JEFFERSON CITY, Mo. — On Tuesday, Dec. 10, President Trump and Speaker of the House Nancy Pelosi announced a compromise had been struck on the long-awaited U.S.-Mexico-Canada trade agreement better known as USMCA. Across the board, farmers, ranchers and agriculture leaders reacted with excitement that maybe – just maybe – Congress would be able to ratify USMCA before Christmas break. It was this news that the agriculture community had waited months to hear as the House of Representatives were ‘working to get to a yes’ on USMCA. A few hours later, Senate Majority Leader Mitch McConnell announced that his chamber wouldn’t be able to push USMCA across the finish line until 2020.
The growing divide in Congress is hard to watch. Our farmers and ranchers are relying on Congress to finish its due diligence on the upgraded trade agreement as quickly as possible. With much frustration, many of us in the Heartland are wondering how much longer it might be until the ink dries on this agreement.
American farmers and ranchers go to work each and every day with a list of chores. That list almost never stays the same as the day progresses, but their end goal remains the same. They want to raise the best food, fiber and fuel for their communities, states and the world, while leaving their farms stronger for the next generation. That’s their job.
Collectively, it’s the role of Presidents, Congressional leaders and trade representatives to ensure that our American farmers are being treated fairly in the global marketplace. Completing their due diligence is an important part of that process. They help negotiate, craft and approve trade deals that create a level playing field for our farmers, workers and citizens. That’s their job.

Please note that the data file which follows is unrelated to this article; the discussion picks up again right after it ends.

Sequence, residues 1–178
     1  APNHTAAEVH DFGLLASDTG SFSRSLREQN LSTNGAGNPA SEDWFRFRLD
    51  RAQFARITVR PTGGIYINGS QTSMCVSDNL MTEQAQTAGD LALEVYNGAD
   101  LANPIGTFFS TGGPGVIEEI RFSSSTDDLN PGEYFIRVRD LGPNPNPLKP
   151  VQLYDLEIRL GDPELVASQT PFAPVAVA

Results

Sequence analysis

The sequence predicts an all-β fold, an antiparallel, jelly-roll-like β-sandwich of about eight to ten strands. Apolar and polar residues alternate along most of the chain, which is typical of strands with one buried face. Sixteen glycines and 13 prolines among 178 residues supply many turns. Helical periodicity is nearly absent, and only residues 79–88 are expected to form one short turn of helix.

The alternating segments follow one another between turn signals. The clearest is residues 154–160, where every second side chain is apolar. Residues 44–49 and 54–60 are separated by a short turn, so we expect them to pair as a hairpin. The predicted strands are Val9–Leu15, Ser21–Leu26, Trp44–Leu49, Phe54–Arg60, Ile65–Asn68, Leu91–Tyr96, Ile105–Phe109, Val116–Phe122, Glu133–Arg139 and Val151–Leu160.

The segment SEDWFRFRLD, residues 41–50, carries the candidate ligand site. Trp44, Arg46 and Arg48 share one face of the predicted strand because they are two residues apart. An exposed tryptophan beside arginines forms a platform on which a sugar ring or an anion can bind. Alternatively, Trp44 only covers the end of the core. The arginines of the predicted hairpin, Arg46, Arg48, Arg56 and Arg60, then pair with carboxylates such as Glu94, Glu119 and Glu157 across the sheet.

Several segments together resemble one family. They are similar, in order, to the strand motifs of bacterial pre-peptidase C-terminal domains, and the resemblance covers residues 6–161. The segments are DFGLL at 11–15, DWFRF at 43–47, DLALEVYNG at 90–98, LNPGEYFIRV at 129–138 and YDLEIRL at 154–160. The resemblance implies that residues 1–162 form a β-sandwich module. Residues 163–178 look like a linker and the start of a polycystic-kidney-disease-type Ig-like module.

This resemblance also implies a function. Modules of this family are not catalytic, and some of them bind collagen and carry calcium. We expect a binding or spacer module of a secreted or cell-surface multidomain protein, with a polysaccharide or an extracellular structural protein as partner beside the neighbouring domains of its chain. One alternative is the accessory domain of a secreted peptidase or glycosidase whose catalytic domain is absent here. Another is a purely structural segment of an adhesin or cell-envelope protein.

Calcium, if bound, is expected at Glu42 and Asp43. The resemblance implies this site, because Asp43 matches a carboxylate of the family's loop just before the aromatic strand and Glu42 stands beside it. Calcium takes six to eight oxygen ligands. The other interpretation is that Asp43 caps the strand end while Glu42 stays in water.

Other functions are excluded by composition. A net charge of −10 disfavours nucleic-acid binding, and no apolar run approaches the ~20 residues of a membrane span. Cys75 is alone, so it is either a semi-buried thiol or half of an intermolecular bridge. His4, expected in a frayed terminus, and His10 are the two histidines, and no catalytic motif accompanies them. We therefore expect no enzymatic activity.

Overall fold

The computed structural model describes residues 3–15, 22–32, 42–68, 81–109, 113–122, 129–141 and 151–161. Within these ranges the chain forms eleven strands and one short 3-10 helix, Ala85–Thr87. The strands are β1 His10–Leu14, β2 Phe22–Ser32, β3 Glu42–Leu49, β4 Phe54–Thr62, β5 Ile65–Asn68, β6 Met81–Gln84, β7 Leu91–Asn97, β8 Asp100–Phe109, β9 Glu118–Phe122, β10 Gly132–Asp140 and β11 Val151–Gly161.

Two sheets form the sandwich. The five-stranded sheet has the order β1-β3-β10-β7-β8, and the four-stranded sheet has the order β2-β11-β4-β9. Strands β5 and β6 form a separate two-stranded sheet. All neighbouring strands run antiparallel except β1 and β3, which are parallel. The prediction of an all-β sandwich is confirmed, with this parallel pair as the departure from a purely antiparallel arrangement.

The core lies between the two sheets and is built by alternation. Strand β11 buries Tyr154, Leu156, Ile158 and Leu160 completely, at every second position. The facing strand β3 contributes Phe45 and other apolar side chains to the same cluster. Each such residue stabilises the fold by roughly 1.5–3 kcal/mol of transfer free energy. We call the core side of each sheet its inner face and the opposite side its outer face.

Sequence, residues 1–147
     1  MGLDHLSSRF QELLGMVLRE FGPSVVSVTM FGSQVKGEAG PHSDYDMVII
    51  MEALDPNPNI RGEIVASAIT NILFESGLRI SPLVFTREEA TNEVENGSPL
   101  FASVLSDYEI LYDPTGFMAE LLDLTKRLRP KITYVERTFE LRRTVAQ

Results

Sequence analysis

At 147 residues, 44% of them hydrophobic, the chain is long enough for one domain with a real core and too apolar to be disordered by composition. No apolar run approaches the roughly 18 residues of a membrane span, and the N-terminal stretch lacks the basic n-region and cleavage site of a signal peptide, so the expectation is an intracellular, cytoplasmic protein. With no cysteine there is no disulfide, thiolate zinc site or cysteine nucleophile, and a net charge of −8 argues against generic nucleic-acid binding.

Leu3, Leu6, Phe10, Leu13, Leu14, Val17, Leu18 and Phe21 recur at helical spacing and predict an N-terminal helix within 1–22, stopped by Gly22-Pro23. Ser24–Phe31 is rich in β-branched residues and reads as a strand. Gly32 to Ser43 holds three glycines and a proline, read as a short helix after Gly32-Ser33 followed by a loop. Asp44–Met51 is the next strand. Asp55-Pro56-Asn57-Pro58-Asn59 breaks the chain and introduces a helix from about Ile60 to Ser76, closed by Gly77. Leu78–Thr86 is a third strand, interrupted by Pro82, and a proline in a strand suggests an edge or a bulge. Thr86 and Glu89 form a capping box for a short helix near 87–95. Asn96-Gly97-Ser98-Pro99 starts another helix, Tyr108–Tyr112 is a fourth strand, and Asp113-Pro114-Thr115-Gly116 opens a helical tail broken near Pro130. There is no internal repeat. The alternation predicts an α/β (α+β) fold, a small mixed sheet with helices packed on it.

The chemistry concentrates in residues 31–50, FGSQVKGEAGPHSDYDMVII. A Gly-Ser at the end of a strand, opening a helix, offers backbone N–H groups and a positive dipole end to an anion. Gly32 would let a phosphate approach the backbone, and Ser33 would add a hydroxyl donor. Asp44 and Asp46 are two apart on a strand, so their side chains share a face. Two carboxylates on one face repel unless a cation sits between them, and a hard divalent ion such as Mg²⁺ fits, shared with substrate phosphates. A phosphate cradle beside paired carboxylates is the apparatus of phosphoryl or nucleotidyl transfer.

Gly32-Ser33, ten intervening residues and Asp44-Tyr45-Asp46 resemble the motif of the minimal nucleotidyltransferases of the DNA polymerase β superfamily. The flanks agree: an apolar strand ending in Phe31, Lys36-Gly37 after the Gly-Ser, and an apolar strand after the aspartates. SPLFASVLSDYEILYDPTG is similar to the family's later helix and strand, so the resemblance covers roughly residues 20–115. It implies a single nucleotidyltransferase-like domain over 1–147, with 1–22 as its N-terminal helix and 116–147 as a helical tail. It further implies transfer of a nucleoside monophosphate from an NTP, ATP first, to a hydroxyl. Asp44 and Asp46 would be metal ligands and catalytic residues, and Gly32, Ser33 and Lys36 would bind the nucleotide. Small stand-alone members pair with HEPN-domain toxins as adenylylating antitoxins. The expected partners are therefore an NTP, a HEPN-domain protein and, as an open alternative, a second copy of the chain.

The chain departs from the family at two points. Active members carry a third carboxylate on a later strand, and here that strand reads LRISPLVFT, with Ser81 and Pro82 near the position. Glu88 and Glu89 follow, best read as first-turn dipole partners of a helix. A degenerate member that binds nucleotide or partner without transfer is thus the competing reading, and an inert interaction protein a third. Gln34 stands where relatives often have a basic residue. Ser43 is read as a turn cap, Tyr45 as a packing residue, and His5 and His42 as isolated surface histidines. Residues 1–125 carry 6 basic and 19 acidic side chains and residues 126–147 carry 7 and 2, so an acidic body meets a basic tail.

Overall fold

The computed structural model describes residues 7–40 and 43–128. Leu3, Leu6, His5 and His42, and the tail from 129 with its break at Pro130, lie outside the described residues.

Those of us in rural America are asking Congress to finish their job on USMCA as quickly as possible.
History has proven time and time again that agriculture is consistently used by other countries as a pawn when they’re unhappy. Agriculture has felt the hit of various trade barriers over the years, including complete bans of our products without sound scientific evidence. Our farmers, ranchers and agribusinesses deserve better from our trade partners.
USMCA is positioned to boost American small businesses, specifically agriculture. Mexico and Canada are Missouri’s top two trading partners. Since NAFTA was signed in 1994, the agreement helped quadruple U.S. agriculture exports to these two countries. In total, USMCA is expected to create an additional 176,000 jobs and inject $68 billion into the United States through increased exports. The agreement further maintains zero tariffs with Mexico and makes modest improvements to dairy, poultry and egg market access.
The U.S. Farmers & Ranchers Alliance “30 Harvests” video reminded many of us in agriculture that we are approximately 30 harvests away from needing to feed 9 billion people in the world each year. That major increase in production will only be accomplished with the help of agriculture technology. The new agreements the Trump administration is working on recognize and prioritize those important pieces for American agriculture today. Case in point, USMCA will modernize biotechnology provisions.
Your immediate support of USMCA has never been more important. I encourage my fellow farmers and ranchers to voice their support for the swift ratification of USMCA.
— Missouri Director of Agriculture Chris Chinn
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